For many, the African Cup of Nations has come as a fun moment as they wait eagerly to watch their country play to victory. However, for one Tiku Achale, the season reminds him of what the football season used to be in his home town before the fighting and killing.
There are flashbacks of fans wearing Cameroon team shirts and carrying flags in the streets on match day, even if the Indomitable Lions were playing on the other side of the country.
Some of the more determined ones wore the full team colours, including football boots, he recalls. That is no longer the case in his hometown of Buea, in southwestern Cameroon, where anti-government militias roam the streets making it dangerous to wear a Cameroon jersey.
Support for the government
"They are afraid that the fighters will kill them, beat them or burn down their houses," Tiku Achale said of the supporters, who have all disappeared. This is because a Cameroon shirt could be interpreted by the militias as support for the government.
The militias have been present since fighting broke out in Cameroon's western regions in 2017 between Anglophone separatists and soldiers of the mostly Francophone government based in Yaoundé.
More than 3,000 people were killed in the fighting and more than 700,000 fled their homes. Buea was one of the hotspots of the fighting, with gunfire in the streets and improvised explosive devices exploding.
The African Cup passed through the English-speaking region, albeit briefly. Buea served as a base for four teams for the start of the tournament, and the nearby city of Limbe hosted the group matches and two knockout games in the round of 16.
The tournament escaped any major incident in Buea and Limbe, but there were reminders of what daily life is like in the region. The Mali team abandoned a training session at a Buea stadium and were rushed to their hotel under armed guard as gunfire rang out in the area.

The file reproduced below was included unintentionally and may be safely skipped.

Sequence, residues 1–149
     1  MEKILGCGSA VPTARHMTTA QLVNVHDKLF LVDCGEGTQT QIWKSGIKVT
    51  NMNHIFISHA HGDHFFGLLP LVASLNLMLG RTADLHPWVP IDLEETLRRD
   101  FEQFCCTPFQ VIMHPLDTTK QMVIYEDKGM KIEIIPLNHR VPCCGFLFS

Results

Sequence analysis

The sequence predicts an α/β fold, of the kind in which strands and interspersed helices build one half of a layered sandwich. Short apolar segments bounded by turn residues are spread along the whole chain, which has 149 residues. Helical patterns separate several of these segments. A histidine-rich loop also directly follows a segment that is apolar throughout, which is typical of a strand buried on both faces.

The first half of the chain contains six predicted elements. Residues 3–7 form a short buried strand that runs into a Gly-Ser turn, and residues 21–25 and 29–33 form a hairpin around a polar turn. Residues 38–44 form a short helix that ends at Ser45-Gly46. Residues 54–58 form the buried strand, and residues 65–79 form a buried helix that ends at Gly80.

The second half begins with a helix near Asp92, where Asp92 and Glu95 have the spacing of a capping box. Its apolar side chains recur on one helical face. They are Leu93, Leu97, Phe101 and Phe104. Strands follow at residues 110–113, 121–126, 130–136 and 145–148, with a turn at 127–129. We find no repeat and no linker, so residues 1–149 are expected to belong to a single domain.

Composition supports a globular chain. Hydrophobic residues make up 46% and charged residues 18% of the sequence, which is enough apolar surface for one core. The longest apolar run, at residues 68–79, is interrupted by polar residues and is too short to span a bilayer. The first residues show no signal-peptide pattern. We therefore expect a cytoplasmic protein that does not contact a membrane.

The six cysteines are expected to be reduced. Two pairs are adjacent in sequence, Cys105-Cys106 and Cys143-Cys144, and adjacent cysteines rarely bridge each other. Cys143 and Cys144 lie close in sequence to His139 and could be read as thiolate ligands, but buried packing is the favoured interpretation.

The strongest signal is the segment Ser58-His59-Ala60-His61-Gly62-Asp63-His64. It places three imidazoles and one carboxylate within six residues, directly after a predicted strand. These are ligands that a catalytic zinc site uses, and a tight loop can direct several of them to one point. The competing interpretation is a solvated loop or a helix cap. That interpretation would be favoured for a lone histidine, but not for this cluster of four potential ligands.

The shooting between separatist rebels and government soldiers left two people dead and five injured. Obasse Romeo, a Buea resident and former player for a local club, is circumspect about the situation. "The teams were training with so much apprehension. Imagine if only the military were watching the training sessions. The atmosphere is not there."
Covering up rebellion
Others have criticised what they call a deliberate attempt by the government to use the CAN to cover up the rebellion. Cameroon did not play any matches in Limbe, but local fans, fearful of violence, were drawn to the games by free tickets and, according to some claims, a relaxation of strict restrictions imposed by Covid-19 to ensure the stadiums were not empty and to preserve the host country's image.
"How can people celebrate and play while others are hurt and in tears?" asks Rev Ludovic Lado, a Jesuit priest and activist who has opposed the hosting of the CAN in Cameroon.
Atmosphere of violence
As the Cameroon team prepares to play the semi-finals in Yaoundé on Thursday, with a chance of reaching another final and winning a sixth African title, football in many towns in the English-speaking west is suffocating in an atmosphere of fear and violence.
Players from Buea-based Mount Cameroon FC were recently attacked during a training session by unknown gunmen. Separatist fighters have abducted and tortured members of the Buea University football team.
Fear of kidnapping
A club owner was killed by gunmen in the town of Kumba. Coaches have been kidnapped and many local and semi-professional teams have withdrawn from competitions altogether, sounding the death knell for mass football.
Cameroon's top league has also been affected. When the Yong Sports Academy plays home games in the city of Bamenda, heavily armed security guards surround the pitch.
At the end of games, visiting teams are evacuated by security forces, says Bakah Derick, a local sports journalist, "without having time to change their shirts". It started, says Derick, "when an armed group attacked the visiting team Dragon FC de Yaoundé".
The fighting drove a wedge between West Cameroon and the rest of the country, but also between Anglophones and Francophones. Yong Sports used to have many French-speaking players in its team, comfortable defending both cultures. Today, only one remains. "These players are afraid of kidnappers and loose balls," says Wanchia Cynthia, head of the Yong Sports club.